We've been down this road before, but it’s about time some respect was put on Martin Braithwaite’s name.
He isn’t Luis Suarez. He never was. So let’s stop with the ridiculous comparisons, and let’s get over the ‘he’s not a Barca player’ argument.
Employed to do a job, by and large he goes about his business with vigour, hunger and a will to work, and he cannot be faulted for his efforts.
His shortcomings are there to be scrutinised yes, but the fascination with wanting to compare him to one of the greatest strikers of our generation is, frankly, baffling.
Placed out on the left wing for the first 45, he huffed and puffed and didn’t really do too much of note.
Not being played in his natural position is a little limiting though, no? As Antoine Griezmann, Philippe Coutinho et al have found out.
Look at the change in dynamic when the Dane was brought into the centre-forward position.
Two assists including that sumptuous back-heel for Leo, and the ability to keep both centre-backs quiet whilst bringing others into play.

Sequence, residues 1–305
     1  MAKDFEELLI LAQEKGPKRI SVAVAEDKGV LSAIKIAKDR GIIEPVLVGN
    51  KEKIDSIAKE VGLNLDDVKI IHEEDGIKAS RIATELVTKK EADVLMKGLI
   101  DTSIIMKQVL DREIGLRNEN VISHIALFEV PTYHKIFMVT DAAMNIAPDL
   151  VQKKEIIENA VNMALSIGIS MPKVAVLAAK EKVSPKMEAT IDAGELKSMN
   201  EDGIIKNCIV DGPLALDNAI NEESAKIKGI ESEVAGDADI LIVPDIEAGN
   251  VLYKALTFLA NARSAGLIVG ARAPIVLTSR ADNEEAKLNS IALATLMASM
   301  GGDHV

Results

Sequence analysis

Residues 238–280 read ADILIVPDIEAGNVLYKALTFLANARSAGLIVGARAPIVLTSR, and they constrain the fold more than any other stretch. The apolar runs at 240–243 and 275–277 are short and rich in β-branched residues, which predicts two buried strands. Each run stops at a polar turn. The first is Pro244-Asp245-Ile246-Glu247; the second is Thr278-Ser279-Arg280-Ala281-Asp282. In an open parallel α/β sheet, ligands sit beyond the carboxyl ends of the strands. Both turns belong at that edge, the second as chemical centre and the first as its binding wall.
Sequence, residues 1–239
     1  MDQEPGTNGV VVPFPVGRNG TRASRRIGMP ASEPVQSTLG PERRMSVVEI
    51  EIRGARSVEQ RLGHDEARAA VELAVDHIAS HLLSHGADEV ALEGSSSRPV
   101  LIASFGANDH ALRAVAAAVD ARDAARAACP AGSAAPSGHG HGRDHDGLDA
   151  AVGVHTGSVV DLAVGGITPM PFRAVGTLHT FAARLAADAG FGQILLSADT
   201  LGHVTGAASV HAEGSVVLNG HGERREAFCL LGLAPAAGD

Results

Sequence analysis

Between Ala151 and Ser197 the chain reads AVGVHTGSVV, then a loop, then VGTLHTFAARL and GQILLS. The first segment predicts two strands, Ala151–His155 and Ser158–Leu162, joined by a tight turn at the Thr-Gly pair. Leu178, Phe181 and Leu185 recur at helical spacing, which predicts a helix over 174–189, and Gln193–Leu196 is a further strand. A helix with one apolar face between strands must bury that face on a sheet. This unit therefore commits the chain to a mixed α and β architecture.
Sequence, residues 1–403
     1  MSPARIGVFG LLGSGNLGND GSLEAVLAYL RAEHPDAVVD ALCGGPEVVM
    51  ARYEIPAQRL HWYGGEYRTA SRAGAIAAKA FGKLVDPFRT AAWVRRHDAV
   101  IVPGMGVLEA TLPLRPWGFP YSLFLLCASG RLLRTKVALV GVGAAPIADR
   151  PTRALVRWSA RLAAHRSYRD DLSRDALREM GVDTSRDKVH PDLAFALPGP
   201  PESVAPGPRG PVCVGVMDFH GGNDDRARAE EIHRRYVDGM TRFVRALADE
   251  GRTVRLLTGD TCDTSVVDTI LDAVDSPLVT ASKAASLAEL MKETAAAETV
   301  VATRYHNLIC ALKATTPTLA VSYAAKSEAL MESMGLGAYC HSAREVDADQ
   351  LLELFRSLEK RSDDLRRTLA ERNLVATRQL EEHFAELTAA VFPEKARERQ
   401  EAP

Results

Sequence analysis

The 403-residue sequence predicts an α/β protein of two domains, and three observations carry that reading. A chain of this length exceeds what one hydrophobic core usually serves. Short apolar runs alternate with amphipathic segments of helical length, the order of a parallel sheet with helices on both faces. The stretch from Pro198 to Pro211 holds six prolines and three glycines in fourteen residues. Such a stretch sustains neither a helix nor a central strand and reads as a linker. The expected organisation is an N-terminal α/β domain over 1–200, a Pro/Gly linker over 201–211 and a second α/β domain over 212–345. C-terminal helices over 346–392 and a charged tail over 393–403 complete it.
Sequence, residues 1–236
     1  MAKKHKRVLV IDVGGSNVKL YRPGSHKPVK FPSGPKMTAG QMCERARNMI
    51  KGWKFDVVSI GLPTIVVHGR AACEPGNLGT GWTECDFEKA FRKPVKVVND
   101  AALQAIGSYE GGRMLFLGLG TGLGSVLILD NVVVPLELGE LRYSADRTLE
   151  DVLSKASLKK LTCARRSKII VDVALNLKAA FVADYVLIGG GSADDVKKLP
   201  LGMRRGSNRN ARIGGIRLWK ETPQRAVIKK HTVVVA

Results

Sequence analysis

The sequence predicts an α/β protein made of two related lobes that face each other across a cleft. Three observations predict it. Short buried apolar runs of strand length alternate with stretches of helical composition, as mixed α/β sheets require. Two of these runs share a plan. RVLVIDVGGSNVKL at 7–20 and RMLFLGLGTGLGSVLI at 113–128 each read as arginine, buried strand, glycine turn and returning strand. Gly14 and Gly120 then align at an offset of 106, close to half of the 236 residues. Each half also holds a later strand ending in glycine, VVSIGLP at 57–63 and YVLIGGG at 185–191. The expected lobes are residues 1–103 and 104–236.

That Braithwaite back-heel assist for Messi pic.twitter.com/1NwH4CI8o7— Goal (@goal) February 24, 2021
This is far from a vintage Barca, and under normal circumstances, Braithwaite probably wouldn’t be wearing the blaugrana, but that’s no reason to consistently beat him with a stick.
Against Sevilla in both upcoming games, Ronald Koeman could do worse than stationing Braithwaite centrally. His presence there could be vital for making space that Messi can utilise.
If it doesn’t work, so be it, but what I see is a player willing to do whatever is needed for the good of the team with the minimum of fuss and the maximum effort.
That’s precisely the sort of attitude that every player in the squad should be displaying, but some more celebrated exponents - Miralem Pjanic, we are looking at you - are falling well short of.
Though the expectation amongst many fans is that the team will end up with no silverware again this season, Koeman clearly needs all of his squad to give of their best if they are going to go close in any of the competitions, and if they need something different in an attacking sense, Martin Braithwaite is precisely the right man to provide it.
If this turns out to be his final season at the club, with a new president expected to come in and overhaul things fairly significantly, at least the Dane can leave with his head held high, even though he won’t have a ringing endorsement from the supporters in his ears.